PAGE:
Yesterday, I spent a lovely morning with a classroom of 4-5 year olds. I admit that does sound like a recipe for a headache, but it really wasn’t. They were so calm and peaceful. By the time I left at lunchtime, I felt less stressed than I had started the day. We were making bath bombs. My second Christmas crafting session with school.
A couple of years ago, I posted instructions on how to make bath bombs with children here, but as time has passed, I have made a few alterations to the way I do it. Time for a little update, I think.
I love when a book sparks a craft. I also love when a book inspires a discussion. I’ve been dying to do this craft ever since we read the book and this weekend I finally put idea and materials together.
I need to back track slightly. A few months ago, BL, TF and I were waiting in the car while AJ was in her harp lesson. It’s too short to do much, so I tend to take a book to read to them. This time I chose The Tortoise’s Gift. TF didn’t want to wait in the car. He didn’t want me to read to him, but as soon as I started reading he settled down and listened. So captivated, I hoped he was remembering to breathe. He was totally distracted from his disgruntled mood. In fact when the music lesson was over, both children pleaded for me to finish the book as the story had grabbed them. Complete turn around.
The book is a Barefoot Books chapter book with enchanting illustrations. It’s perfect to read to TF at 5 years, and BL, at 8 years, is captivated by the story enough to read it for herself more than once.
This weekend, I dug out my supply of walnut shells and sequins and began to glue. One child at a time found me. Each sat down to make their own tortoise, until all three had joined me at the table, concentrating on colours and patterns, in absolute silence. You could have heard a sequin drop.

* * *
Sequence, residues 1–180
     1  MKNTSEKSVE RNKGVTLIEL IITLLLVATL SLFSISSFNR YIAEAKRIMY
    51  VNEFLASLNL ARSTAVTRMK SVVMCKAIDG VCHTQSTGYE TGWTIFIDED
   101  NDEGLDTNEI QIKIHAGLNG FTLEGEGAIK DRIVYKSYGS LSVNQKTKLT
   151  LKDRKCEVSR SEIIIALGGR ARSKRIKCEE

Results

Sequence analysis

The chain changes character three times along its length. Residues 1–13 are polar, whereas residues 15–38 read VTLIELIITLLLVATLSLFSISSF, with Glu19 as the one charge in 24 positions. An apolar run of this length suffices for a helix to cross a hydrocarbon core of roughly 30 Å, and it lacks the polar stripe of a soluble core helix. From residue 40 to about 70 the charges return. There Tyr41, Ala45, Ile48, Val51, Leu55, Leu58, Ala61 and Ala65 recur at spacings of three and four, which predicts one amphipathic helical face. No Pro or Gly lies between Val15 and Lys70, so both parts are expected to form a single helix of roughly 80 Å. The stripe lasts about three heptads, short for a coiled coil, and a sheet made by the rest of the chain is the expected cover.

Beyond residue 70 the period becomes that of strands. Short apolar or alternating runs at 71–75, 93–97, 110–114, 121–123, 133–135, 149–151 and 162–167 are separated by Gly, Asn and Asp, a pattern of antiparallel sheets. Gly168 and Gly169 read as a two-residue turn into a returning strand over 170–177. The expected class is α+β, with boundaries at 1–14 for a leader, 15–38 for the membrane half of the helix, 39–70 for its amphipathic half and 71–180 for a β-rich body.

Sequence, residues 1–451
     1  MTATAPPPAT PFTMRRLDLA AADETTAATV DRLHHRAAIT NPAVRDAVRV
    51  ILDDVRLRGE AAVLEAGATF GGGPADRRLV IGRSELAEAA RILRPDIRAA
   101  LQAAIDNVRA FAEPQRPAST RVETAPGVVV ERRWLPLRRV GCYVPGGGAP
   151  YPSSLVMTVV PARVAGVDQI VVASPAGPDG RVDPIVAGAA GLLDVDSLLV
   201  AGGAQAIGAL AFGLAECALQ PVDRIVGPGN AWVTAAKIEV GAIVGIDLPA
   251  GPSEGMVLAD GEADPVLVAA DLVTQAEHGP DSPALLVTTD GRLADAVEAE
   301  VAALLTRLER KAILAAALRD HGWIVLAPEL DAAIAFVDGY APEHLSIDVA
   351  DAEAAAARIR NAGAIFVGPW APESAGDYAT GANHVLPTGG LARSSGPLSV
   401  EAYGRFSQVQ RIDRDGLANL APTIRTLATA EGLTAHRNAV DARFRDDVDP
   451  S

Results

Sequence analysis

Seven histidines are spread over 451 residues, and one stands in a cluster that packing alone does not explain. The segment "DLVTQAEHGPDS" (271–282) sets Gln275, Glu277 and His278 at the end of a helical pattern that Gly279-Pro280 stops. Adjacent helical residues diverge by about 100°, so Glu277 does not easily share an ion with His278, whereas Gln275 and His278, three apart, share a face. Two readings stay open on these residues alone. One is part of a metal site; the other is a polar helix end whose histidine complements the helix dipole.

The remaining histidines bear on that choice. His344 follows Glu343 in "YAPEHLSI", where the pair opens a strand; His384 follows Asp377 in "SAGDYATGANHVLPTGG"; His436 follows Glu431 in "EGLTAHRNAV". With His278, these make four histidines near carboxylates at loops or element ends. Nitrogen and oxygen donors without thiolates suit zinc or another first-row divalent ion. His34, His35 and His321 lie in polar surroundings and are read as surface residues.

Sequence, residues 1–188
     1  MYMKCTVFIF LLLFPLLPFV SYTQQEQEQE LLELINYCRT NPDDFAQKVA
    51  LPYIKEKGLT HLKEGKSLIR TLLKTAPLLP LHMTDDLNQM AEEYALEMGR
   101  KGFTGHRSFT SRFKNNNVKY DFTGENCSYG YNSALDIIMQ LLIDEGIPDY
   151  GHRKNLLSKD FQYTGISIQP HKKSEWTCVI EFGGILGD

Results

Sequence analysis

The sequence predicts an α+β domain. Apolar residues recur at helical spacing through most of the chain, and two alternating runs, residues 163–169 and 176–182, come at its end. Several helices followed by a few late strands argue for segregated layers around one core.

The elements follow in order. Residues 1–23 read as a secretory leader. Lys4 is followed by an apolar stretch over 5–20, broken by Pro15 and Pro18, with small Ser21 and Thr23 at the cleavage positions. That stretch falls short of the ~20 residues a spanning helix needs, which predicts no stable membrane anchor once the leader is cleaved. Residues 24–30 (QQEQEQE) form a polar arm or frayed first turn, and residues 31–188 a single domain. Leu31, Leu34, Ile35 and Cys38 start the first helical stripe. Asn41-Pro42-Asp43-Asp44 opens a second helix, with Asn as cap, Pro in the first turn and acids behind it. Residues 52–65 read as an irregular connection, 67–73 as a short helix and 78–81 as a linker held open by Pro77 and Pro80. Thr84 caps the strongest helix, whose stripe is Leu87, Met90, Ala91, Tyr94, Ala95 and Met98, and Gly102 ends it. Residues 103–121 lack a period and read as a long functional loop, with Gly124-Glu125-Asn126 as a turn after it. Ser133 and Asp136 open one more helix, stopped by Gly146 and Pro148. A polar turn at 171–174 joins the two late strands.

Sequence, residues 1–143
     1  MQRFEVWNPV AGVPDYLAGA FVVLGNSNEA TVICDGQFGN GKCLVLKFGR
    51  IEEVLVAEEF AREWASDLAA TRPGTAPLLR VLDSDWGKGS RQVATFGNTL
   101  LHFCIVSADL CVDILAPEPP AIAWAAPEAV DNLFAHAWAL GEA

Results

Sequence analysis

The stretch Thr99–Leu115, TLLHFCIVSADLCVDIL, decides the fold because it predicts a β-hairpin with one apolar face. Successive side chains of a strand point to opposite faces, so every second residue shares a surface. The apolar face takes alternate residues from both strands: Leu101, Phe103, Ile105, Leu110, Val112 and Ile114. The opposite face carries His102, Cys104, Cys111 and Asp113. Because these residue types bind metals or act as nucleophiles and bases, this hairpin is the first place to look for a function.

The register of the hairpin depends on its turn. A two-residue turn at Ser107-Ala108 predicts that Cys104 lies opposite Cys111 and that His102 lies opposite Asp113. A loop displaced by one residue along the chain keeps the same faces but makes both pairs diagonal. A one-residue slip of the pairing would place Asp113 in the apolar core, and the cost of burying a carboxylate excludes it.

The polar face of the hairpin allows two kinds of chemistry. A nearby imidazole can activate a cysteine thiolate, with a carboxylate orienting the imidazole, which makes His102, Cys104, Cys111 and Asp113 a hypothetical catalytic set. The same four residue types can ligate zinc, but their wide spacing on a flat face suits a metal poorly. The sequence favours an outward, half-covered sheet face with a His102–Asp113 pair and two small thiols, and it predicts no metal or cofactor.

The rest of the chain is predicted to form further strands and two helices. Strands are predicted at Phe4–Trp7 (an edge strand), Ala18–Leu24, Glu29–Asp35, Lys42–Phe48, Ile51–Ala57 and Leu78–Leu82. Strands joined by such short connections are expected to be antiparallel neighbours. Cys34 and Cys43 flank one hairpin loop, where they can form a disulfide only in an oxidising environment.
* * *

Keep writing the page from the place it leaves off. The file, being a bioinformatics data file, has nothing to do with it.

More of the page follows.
I knew that I wanted to put the shiny tortoises on the Christmas tree, where the fairy lights would make the sequins glisten. My idea for attaching them did not work. It was AJ that came up with the idea to glue the pipe cleaner to the inside of the walnut shell. Perfect!
While preparing to glue the tortoises, I put the glue gun on to heat and then popped outside to check that the hens’ water hadn’t frozen over again. It had. A couple of inches of solid ice. Back outside with a kettle of not-hot water. When I came back in, after chatting with the hens, there was a definite smell of something over hot. I checked the Aga to see if I had left something on it. Or in it. I recognized the smell, but couldn’t place it. Until I walked passed the very hot glue gun. Too much multi tasking. The glue came out easily and there was a puff of smoke as I glued. The tortoises survived and the children were safely at school. Phew!
Funny as being distracted was the very discussion that this book and craft have sparked.
This morning, we were discussing the book. I asked the children which character, from the book, they felt that they were most like. The elephant who stopped for a scratch and forgot, the lion who was too busy anticipating glory to remember, the monkeys who were distracted by a game or the tortoise who was single minded in the task and succeeded. Funnily enough the children all chose the tortoise. They felt that they would not get distracted.
As they got ready for school, the subject changed. Soon there was more messing around than getting ready. To such an extent that we left slightly late (still on time for school). As we walked down our lane to school, I asked them if it was ever good to be distracted and when it was bad. They came up with some lovely ideas. Good to be distracted when you’re hurt or upset. Not good if you are doing school work or walking to school (narrow country lanes do not have pavements).
I might just add that using a glue gun is a bad time to be distracted too! Not sure I can claim to be much like the tortoise either.
(AJ has blogged about another BB book that we got at the same time. Take a look here. It’s for a slightly older reader.)